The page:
As my wedding day approached, I knew I was going to be called on to deliver a toast during the reception. I spent a lot of time coming up with ideas about what I wanted to say and I spent a lot of time surfing the web for what I was supposed to say. Then, I knew I was supposed to say something about my bride and say a little about our life together. Inspiration for the toast came from random moments, but there was a time during a Radiohead concert that a flood of ideas came to me. There was something about listening to their music that opened up my creativity. I spent part of that concert e-mailing myself the ideas that kept popping into my head.
While I wrote a speech and converted that into an outline for what I wanted to say, there were many things I thought of and added while I was up there. I guess the pressure helps with my creativity. Anyway, here’s the speech:
“I’d like to thank everyone for coming and sharing our special day. Thank all those who traveled so far to be here with us today, including my brother Mark & his wife Marla who came all the way from China. They came a week early with their three children and got them re-acclimated to the eastern time zone. I really appreciate that you’re here.
I’d like to thank Bill & Sharon for giving me their daughter’s hand in marriage. You did an excellent job raising her. Well, I’m sure you did the best you could.”
I’d like to thank my sons, Nick, Alex, and Stephen for being groomsmen. Thank you for making Alana feel so welcomed by you.
I chose Doug to be my best man because he was available. Seriously, he is always there for me. He will drop everything and help me when I need it. He helped me get my first job. He worked at an RV and camper sales place as the mechanic and I washed the campers.
I’d like to thank Danielle for agreeing to be the matron of honor. You did an excellent job of getting Alana down the aisle in one piece. We know how hard that was! Thank you to all the bridesmaids for being such good friends to Alana and for accepting me as quickly and completely as you did. Please raise your glass in a toast to the heath and happiness of the bridesmaids.
Alana and I clicked right away. I quickly found out that she was as sarcastic and irreverent as I am. On our first date we went to Go Bananas. Being with her that night felt so natural it was like we belonged together. I’ve never been flipped off so much on a first date. What I have learned since then is, when she flips me off, I just won the argument! Seven months after that first date, on our vacation to Aruba, I asked her to marry me. I’ll always remember it was July 4th because immediately after asking her, fireworks exploded in the sky. I didn’t plan it that way, but I’ll take credit for it anyway.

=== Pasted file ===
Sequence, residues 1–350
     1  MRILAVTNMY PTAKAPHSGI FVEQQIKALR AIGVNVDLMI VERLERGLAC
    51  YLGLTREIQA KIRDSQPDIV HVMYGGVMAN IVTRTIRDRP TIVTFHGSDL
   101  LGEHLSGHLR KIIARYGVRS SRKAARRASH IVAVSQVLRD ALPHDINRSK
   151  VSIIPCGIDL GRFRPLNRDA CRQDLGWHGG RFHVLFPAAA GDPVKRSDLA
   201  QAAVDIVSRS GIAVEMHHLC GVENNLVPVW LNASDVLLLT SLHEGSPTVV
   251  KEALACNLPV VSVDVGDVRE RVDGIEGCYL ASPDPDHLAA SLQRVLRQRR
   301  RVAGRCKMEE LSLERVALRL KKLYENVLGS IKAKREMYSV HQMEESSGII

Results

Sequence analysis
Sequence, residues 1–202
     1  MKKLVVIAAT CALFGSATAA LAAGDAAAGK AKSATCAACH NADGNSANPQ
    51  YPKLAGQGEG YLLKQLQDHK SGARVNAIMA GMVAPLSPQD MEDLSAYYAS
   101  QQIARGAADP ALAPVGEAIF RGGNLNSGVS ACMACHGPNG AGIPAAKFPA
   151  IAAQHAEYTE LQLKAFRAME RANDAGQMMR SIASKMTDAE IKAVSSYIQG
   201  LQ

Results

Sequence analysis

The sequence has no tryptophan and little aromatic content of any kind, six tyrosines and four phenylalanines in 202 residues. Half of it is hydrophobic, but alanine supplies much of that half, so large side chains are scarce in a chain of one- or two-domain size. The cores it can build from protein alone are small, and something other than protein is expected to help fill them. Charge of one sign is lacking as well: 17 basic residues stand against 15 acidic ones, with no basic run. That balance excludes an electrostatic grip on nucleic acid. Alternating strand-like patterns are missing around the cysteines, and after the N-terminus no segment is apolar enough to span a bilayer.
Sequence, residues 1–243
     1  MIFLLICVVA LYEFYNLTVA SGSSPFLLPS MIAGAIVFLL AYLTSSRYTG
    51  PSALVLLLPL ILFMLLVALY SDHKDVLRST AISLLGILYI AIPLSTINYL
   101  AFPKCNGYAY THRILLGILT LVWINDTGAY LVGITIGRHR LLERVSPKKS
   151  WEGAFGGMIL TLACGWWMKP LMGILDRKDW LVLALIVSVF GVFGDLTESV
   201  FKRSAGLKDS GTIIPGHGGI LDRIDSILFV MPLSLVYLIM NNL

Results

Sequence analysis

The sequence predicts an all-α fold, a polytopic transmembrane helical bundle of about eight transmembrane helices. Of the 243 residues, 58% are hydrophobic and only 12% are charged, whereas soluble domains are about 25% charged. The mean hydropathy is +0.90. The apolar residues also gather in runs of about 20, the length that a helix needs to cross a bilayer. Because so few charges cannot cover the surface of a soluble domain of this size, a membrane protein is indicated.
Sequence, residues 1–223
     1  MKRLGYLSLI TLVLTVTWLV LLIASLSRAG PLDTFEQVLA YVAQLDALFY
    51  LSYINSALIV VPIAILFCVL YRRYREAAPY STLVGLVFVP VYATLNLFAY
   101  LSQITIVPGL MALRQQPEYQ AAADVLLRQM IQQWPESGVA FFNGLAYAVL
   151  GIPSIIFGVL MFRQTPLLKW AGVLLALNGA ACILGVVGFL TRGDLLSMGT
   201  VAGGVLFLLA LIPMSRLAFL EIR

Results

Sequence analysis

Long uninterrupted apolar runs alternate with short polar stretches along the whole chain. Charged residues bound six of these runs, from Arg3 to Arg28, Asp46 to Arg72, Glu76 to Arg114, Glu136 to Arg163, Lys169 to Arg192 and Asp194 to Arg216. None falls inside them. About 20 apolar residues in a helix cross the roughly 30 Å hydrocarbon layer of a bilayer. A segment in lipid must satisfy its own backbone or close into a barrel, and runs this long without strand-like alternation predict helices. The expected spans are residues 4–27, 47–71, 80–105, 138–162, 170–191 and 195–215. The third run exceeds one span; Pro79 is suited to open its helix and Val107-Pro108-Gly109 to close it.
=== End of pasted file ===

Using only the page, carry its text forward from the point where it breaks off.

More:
Being so loved and accepted by her has given me the freedom to be myself and actually figure out who I really am. And, apparently, I’m a sick bastard! I have become her clown just so I can see her smile and hear her laugh every day. We have so many inside jokes now, don’t we? Just so many! We have different backgrounds, different religious and political affiliations, different ages, but we respect each other enough to make that not matter. As for our age difference, my immaturity level makes us even. As fas as politics, I let her have an autographed Hillary Clinton campaign poster on the wall in her office and she lets with me have an 8×10 photo of Ronald Reagan in the garage. On a shelf. Behind the weed killer. As for religion, I tried teaching her how to make the sign of the cross but when she did it, it looked like she was giving me the sign to steal second base! So it’s our respect for each other’s differences that makes us work.
To my beautiful wife – I couldn’t be happier to call you that – I love you and I will be your clown for as long as I live. Please raise your glasses and join me in a toast to my beautiful bride.”
The rest of the night was a blur. I had a great time seeing everyone who could come. We had a great time dancing and drinking and celebrating. I would do it again if we could afford it! We’ll have time to celebrate every day for a long, long time.
When you think of Spock, you think of an emotionally detached, logical perspective. My life is ruled by logic. If it’s not logical, it’s just stupid! Many times, I have stuck my foot in my mouth by saying “Why would you do that?” I also get in trouble by saying, “That makes no sense!” Knowing I have a propensity to question other people’s motivations and thought processes has caused me to mask my questions with sarcasm. That’s not necessarily a good thing!